Goldberg (n. d), states that, “Thus, many U. S. ommentators fear that, if assisted suicide and euthanasia were legalized, death would be inflicted unwillingly on disabled, disadvantaged, or otherwise “undesirable” individuals who might be considered a burden by their caregivers or the state” (Goldberg, n. d). He continues to say that “Biased physicians, family members, or managed care organizations might consciously or subconsciously influence difficult or expensive patients to take advantage of assisted suicide” (Goldberg, n. d). It is also clear that no human endeavour is immune of abuse. This will make the Oregon requirement difficult to trust.
Even ‘acting on one’s own volition’ is still not good because many patients may act quickly without enough information of existing medical care, thinking that their fate is just death. So why wont we restrict the ‘person’s autonomy’ till the person is fully informed? Thinking this way will definitely call for not legalising euthanasia. John Stuart Mill gives an example of person who wants to cross a broken bridge, as he concludes he says that this person would not really continue to do that if he is fully informed about the dangers of going that way (Mill, 2005).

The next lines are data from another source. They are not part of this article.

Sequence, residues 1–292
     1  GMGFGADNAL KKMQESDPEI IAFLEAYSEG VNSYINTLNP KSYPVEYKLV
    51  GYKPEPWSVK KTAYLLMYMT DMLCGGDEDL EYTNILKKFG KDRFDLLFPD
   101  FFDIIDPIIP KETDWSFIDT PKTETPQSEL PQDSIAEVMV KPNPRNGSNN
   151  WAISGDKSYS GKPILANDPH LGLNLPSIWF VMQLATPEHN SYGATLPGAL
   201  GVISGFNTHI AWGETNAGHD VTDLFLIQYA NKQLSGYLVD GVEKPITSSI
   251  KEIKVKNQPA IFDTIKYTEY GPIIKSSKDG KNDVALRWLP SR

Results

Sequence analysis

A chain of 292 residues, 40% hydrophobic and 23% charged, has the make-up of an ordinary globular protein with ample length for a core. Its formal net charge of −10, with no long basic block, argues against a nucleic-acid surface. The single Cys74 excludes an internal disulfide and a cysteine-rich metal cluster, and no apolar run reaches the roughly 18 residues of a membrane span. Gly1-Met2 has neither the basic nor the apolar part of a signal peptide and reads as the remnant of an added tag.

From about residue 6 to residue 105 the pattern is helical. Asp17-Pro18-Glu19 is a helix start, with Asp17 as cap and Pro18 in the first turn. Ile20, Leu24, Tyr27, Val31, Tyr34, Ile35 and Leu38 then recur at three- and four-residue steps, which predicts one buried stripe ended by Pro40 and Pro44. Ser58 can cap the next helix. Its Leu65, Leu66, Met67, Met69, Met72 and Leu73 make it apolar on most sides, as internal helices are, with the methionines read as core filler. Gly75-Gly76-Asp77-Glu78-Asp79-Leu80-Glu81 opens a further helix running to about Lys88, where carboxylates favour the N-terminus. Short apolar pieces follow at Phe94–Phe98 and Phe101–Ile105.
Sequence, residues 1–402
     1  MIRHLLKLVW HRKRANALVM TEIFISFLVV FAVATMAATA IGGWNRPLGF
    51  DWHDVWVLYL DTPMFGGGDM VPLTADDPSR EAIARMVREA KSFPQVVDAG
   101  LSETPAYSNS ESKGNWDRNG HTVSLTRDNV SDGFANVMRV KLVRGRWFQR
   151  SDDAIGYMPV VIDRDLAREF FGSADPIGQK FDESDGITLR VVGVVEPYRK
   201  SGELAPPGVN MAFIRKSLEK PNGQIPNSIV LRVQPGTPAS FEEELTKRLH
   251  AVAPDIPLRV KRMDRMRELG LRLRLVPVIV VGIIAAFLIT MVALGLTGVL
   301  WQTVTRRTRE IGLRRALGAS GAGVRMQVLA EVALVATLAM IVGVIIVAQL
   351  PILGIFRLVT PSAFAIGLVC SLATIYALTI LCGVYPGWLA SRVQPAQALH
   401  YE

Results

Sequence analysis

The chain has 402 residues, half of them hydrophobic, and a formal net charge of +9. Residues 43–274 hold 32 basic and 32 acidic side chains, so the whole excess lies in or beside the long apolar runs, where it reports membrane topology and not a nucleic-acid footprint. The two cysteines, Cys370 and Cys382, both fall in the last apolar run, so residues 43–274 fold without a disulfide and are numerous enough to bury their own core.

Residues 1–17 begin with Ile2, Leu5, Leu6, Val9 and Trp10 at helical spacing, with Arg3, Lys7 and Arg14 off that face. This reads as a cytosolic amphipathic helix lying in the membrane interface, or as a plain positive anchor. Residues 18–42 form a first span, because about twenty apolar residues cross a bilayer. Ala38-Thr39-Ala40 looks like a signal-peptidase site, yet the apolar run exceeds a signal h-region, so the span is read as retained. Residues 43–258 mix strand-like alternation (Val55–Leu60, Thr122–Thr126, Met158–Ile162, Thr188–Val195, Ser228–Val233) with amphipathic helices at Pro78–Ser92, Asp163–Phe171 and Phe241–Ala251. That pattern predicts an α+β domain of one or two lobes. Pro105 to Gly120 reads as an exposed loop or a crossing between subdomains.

The other concern that we have is that this practice will be in total contradiction with the present physicians’ role as healer. It is a stipulation that physicians should always do their best to save lives and not destroy them at all. The physicians’ role should be limited to saving lives as it has been over time. Legalizing euthanasia means that the physicians’ role is broadened to the point of the patients’ advocate in the maters concerning their own health and ways they want it to be handled.
This will arouse the craving of patients to commit suicide and allow many cases that would otherwise be alleviated, to run to the worst. Still on the issue of rights, every one has a right that is inherent in nature and anyone should not interfere with the individual’s rights. People should therefore exercise their own rights without interfering with others’ and no one should interfere with the autonomy of this individual. As we say that rights are inherent in an individual, we are saying that these person posses this rights because of the life that he has.